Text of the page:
Though an exemplary block diagram of the magnetic disk drive 10 according to an embodiment of the present invention has been shown hereinabove, it is to be appreciated that the designations, features, interrelationships of each block described with reference to the drawings are illustrative only and the spirit of the present invention is not limited to the shown example and, therefore, the addition of other features, the implementation of identical features by different blocks and the division or integration of the blocks may fall within the scope of the present invention so long as those skilled in the art can make such modification with reference to this specification.

Refresh with the Timing when a Read Command is Received

FIG. 4 is a flow chart for describing a method by which the magnetic disk drive 10 refreshes the sector data that is stored in the sector specified by a read command by checking a time stamp of the sector data with the timing when the read command is received from the host computer 55. The refresh of the sector data refers to a procedure to read the data stored in given sectors and, then, write the data into the identical sectors. The refresh procedure shown in FIG. 4 is described in the refresh execution program stored in the ROM 41. The refresh execution program is read out into the RAM 39 so that the MPU 25 can control the magnetic disk drive 10 and execute the program.

Sector data (hereinafter designated as n1) is stored in a plurality of sectors (hereinafter designated as S1) on the magnetic disk 11 at various time points. Each time stamp (hereinafter designated as T1) 83 provided in accordance with each sector data n1 consists of information about the date in year, month, and day or the date in year, month, and day with the addition of time of day when the sector data n1 is stored in the respective sector. Some of the sectors S1 do not have sector data n1 stored therein and the time stamps corresponding to such sectors S1 have an insignificant value. In block 101, the host computer specifies one or a plurality of sectors (hereinafter designated as S2) 79 among the sectors S1 and sends a data read command to the magnetic disk drive 10.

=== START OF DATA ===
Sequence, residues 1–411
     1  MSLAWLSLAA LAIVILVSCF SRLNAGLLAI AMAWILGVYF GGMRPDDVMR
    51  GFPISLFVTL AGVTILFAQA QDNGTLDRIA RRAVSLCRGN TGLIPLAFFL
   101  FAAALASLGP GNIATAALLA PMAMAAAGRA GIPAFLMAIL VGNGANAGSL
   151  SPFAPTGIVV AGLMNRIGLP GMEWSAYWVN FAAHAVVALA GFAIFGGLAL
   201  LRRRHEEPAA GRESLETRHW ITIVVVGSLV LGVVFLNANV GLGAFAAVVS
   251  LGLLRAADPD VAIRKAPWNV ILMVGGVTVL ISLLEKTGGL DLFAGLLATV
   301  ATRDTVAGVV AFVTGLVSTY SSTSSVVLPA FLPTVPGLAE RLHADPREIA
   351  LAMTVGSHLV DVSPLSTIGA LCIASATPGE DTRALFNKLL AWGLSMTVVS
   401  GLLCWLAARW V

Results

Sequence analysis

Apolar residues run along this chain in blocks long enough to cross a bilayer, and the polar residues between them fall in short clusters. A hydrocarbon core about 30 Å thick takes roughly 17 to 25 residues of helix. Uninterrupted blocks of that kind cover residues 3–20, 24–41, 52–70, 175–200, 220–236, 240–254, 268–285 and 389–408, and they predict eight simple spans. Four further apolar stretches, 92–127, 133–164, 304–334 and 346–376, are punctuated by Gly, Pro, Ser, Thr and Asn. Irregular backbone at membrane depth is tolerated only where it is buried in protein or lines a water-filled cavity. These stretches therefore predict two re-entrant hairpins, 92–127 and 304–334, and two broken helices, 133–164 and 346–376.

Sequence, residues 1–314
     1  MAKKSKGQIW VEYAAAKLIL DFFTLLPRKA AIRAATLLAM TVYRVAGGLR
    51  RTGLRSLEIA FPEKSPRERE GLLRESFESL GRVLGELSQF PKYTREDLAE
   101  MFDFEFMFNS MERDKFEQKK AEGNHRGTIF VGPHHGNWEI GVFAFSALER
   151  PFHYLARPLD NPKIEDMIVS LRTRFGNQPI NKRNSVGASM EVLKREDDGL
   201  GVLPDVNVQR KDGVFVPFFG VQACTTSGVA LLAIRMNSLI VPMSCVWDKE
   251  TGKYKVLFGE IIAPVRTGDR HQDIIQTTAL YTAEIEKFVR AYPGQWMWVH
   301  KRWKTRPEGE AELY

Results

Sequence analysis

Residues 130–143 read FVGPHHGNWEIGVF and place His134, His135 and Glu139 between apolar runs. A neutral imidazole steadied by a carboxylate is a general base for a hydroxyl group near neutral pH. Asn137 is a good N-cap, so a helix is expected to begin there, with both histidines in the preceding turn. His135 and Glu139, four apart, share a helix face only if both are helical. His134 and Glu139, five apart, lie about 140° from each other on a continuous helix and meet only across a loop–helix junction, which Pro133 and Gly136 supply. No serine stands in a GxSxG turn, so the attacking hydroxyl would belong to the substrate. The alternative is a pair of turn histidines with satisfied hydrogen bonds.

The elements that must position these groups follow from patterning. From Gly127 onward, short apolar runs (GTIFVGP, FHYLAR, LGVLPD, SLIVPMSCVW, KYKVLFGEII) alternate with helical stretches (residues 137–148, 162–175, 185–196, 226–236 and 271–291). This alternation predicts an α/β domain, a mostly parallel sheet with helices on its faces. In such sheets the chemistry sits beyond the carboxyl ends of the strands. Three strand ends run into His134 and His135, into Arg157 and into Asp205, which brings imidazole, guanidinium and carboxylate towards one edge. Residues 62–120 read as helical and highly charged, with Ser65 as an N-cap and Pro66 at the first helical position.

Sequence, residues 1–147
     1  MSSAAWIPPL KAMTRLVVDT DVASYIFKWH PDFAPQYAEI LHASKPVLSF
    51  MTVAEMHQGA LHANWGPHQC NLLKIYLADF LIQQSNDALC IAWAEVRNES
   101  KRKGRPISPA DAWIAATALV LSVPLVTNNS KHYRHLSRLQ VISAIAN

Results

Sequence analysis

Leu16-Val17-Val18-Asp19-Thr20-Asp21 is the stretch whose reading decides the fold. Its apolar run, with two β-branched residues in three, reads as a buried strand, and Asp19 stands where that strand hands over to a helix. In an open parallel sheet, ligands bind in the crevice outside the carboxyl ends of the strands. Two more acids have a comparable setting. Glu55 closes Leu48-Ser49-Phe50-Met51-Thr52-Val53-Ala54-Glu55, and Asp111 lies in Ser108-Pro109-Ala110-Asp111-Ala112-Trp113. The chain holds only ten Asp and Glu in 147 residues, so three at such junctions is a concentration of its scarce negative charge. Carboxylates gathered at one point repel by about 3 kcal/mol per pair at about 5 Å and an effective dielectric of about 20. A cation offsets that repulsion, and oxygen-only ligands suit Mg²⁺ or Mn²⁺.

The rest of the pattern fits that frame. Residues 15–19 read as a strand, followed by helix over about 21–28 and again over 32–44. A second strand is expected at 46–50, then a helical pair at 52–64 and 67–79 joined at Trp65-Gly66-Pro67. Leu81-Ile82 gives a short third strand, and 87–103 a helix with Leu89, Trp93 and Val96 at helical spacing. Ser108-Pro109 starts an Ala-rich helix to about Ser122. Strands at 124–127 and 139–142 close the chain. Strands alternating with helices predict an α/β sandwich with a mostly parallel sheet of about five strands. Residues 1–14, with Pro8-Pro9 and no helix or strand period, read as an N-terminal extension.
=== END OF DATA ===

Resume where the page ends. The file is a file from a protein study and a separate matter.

In block 103, the MPU 25 controls the magnetic disk drive 10 to access the sectors S2 and read the sector data (hereinafter designated as n2). Though the sectors S2 are typically a plurality of sectors included in a cluster, the present embodiment does not exclude the case of a single sector. The MPU 25 reads the sector data n2 from the rotating magnetic disk 11 and, subsequently, the time stamp (hereinafter designated as T2) 83 corresponding to the sector data n2. Since the sector data n2 and the time stamp T2 are disposed in physical proximity to each other on the magnetic disk 11 as shown in FIG. 3(B), the sector data n2 and the time stamp T2 can be read without rotational delay. The MPU 25 stores the read sector data n2 in the buffer 35 and prepares the sector data n2 to be returned to the host computer 55. Further, the MPU 25 stores the sector data n2 and the corresponding time stamp T2 as well as the sector address included in the ECC code 81 in the RAM 39. In the RAM 39, the sector data n2 may not be stored and only the time stamp T2 and the sector address may be stored.

In block 105, the MPU 25 returns the sector data n2 to the host computer 55. Since the return of the data to the host computer 55 is given a higher priority than the refresh, the refresh will not degrade the performance of the magnetic disk drive 10. In block 107, the MPU 25 calculates the elapsed time for each sector data n2 after it is stored till it is read based on the time stamp T2 and the information about the time when the sector data is read. The information about the time when the sector data is read includes the date in year, month and so on, which corresponds to the time stamp. The magnetic disk drive 10 may receive the information about the time when the sector data is read from the host computer 55 in a startup routine executed immediately after the host computer is turned on. Alternatively, the magnetic disk drive 10 may be provided with a clock connected with a rechargeable battery to obtain the information by measurement.